The Khanqah, another monumental, wooden structure is known for its aesthetically carved roof space and lynching bells. The royal chandeliers, artistic interiors, intricately carved, and brightly painted structures with antique artifacts placed inside this wooden enclosure are a specimen of ancient art, prosperity and luxurious lifestyle.

Hari Parbat Fort & Temple of Sharika Devi

Hari Parbat hill covered with orchid and almond plantation makes a beautiful sight seeing spot during April’s summer and later spring seasons in Kashmir. The Hari Parbat fort and the wall surrounding the hill was constructed during Akbar’s reign between 1592 and 1598 AD which was later improved by Ata Mohammad Khan, an Afghan governor during 18th century. The fort built by the Mughals forms a crown on the hill enclosing ruined apartments once known for glory and prosperity. Thought old, the remnant of these masterpiece buildings narrate the life and grandeur of those people who lived here. This hill also houses a Hindu temple of goddess Sharika, who is an incarnation of Goddess Durga Devi.

Makhdoom Sahib

Makhdoom Sahib Shrine is located to the south of Hari Parbat hill and welcomes people of all faiths.

Shalimar Bagh

Shalimar Bagh is a botanical landscape 15 kms away from TRC developed by emperor Jehangir for his beloved wife Nur Jehan. This bagh (garden) is spread across an area of 539m by 182 m, with a view of beautiful flora, eye feasting orchid and almond plantation, lakes, natural terraces, artificial canals lined using polished and marble stones allowing the Harwan for peacefully running amidst the garden. Of the four prominent terraces, the fourth terrace being the best of all was set aside for the royal ladies of those times.

Pari Mahal

Pari Mahal is just five minutes away from Cheshmashahi with beautiful gardens meant for the royal family. Before Shah Jehan’s son Dara Shikoh converted this place into an astrology school it was used as a Buddhist monastery. It is situated on the mountain range which overlooks the Dal lake. It has a big garden in the front and is well connected with Cheshmashahi by roads. The illumination of Pari Mahal gives a spectacular view during the night.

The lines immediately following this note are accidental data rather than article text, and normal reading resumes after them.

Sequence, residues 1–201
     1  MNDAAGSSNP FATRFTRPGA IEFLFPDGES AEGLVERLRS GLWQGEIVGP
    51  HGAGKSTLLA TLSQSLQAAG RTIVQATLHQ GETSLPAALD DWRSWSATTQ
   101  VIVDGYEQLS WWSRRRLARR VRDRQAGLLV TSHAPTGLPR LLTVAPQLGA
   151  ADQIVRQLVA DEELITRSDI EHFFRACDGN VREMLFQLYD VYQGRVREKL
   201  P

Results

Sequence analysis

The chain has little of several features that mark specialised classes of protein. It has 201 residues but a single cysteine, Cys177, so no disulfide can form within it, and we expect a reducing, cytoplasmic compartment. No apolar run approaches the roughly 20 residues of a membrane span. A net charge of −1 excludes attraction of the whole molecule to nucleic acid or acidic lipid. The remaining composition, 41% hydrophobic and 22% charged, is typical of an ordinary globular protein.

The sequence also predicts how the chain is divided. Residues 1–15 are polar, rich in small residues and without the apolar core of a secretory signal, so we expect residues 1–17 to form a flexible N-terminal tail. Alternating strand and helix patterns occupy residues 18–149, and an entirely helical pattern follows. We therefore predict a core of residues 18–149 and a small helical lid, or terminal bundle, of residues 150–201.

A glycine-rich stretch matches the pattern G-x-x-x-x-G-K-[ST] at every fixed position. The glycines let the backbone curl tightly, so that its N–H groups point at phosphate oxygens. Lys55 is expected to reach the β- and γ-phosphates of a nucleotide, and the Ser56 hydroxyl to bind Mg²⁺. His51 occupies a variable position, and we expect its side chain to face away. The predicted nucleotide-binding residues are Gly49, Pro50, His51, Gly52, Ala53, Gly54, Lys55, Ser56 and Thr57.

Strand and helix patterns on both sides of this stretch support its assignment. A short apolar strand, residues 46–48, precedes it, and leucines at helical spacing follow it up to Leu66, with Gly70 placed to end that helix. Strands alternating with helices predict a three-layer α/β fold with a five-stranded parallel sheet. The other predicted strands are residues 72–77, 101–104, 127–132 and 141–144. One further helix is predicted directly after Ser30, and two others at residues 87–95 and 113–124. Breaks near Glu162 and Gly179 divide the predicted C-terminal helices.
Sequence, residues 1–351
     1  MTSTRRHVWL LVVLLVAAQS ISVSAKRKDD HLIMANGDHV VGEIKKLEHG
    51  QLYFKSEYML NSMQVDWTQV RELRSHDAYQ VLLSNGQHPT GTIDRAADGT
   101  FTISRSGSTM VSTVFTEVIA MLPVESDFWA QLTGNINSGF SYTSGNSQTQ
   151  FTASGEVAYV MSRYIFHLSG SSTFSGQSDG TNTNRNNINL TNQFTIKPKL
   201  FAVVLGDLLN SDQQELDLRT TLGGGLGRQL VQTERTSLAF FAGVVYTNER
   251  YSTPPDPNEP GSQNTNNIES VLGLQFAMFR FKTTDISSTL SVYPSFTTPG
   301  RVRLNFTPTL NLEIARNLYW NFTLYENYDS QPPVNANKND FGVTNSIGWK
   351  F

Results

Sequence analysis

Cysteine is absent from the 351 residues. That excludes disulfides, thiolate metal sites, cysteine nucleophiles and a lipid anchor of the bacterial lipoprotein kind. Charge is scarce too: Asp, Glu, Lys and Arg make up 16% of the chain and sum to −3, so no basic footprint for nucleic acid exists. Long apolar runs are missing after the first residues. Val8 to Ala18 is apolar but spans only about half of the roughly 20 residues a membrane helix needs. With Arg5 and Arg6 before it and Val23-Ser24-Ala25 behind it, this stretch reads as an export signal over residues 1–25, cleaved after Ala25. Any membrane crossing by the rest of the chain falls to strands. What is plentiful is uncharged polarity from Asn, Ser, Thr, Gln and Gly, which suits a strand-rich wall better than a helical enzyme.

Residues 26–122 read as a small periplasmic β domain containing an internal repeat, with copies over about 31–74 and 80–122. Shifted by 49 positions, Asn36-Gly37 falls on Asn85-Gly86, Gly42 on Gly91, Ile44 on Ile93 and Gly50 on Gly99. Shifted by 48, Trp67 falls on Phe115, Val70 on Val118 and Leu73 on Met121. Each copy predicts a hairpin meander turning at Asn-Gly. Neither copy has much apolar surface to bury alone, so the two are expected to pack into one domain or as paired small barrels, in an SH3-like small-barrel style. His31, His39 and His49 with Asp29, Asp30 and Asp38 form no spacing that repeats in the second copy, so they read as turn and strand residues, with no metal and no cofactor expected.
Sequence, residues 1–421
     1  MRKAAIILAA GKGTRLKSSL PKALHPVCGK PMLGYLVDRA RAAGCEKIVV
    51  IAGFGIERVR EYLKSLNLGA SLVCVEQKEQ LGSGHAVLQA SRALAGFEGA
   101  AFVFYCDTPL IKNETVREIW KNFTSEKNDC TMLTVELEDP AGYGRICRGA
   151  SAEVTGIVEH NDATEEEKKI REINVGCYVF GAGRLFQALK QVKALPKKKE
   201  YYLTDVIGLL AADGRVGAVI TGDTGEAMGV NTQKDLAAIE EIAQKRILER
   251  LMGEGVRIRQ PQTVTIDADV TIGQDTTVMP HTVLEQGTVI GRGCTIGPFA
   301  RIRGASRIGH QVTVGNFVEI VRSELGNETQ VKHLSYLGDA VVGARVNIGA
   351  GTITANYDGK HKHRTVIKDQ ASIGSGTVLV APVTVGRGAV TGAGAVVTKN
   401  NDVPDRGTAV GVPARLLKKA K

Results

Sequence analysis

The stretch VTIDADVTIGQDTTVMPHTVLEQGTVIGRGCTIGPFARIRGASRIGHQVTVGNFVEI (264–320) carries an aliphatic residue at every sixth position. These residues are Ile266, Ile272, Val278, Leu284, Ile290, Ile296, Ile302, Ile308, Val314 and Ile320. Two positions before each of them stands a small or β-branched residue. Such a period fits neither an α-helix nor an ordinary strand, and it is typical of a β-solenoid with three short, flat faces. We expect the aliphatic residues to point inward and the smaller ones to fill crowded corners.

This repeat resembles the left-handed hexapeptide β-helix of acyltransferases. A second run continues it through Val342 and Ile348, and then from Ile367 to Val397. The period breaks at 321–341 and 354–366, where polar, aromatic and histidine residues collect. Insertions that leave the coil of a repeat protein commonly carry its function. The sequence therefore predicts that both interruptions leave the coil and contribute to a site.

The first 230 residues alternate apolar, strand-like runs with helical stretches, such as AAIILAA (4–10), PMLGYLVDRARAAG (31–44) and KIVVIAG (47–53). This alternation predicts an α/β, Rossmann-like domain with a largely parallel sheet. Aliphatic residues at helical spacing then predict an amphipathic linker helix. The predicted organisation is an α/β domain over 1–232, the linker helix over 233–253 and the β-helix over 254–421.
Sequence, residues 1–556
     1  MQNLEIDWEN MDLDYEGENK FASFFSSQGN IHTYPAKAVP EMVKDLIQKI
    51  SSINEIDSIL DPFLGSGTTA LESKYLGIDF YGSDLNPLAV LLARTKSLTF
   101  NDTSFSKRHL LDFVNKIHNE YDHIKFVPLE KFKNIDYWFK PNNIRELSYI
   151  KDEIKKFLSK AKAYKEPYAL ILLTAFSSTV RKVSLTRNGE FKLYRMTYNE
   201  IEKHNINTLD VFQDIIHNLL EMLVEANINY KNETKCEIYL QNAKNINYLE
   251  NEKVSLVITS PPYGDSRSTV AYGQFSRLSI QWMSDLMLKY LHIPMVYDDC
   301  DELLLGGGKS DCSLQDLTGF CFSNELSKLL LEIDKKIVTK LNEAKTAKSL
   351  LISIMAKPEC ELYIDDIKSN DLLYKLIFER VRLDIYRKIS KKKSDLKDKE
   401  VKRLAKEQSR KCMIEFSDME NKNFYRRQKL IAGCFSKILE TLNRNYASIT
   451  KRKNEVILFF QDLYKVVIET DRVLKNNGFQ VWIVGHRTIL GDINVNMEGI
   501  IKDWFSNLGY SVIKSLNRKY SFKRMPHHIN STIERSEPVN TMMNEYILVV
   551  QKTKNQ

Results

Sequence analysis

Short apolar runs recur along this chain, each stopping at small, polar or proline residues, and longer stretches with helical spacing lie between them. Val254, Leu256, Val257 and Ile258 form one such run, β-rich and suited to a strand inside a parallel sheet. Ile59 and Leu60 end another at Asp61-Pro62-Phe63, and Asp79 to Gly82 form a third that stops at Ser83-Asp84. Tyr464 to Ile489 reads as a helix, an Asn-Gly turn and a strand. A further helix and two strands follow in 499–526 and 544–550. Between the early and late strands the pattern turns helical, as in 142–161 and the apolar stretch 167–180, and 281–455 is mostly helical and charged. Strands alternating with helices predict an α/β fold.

Well furnished living rooms, romantic personal spaces, spacious kitchen, hygienic bathrooms are every boat house’s specialty in Kashmir. Dal Lake being the biggest lake is known to own many fleets of beautiful and luxurious boathouses of Srinagar. A personal touch of the local art, culture and family system in the form of wood furnishes, hand woven carpets, paintings of the scenery and traditional music adds to the charm and elegance of these boat houses. Each of these houseboats are given beautiful local names by their owners and categorized as super deluxe and deluxe. These are available depending upon the budget of the visitor, no of days and location where they wish to stay. As you board these boat houses, the natural beauty of the lotus garden, beautiful mosque, shines and monumental buildings on the banks of rivers and lakes and the sight of typical markets of Kashmir makes visitors forget themselves for a brief moment.

All houseboats come with luxury and comforts besides the personal services you wish to experience. The cost of the boathouse stay included breakfast, lunch, dinner along with free rides to and fro the nearest jetties. The balcony space in every houseboat also has water supplies from the municipal corporation.

The local cooks dedicated to every houseboat take pleasure cooking authentic meals for their guests. Simple, yet delicious varieties of Indian bread (chapatti, rotis), Dhal, vegetable side dishes, Kashmiri Pulav, steamed and flavored rice makes a wholesome lunch menu. Freshly made omelets, puffed rice, coffee, tea and flavored milk makes a perfect start of the day on the calm waters.

The cost of each such houseboat varies from Rs 4500 to Rs 5500 per night for a deluxe and super deluxe boathouse respectively. The package includes breakfast and dinner apart from other amenities that are sure to pamper your heart and soul.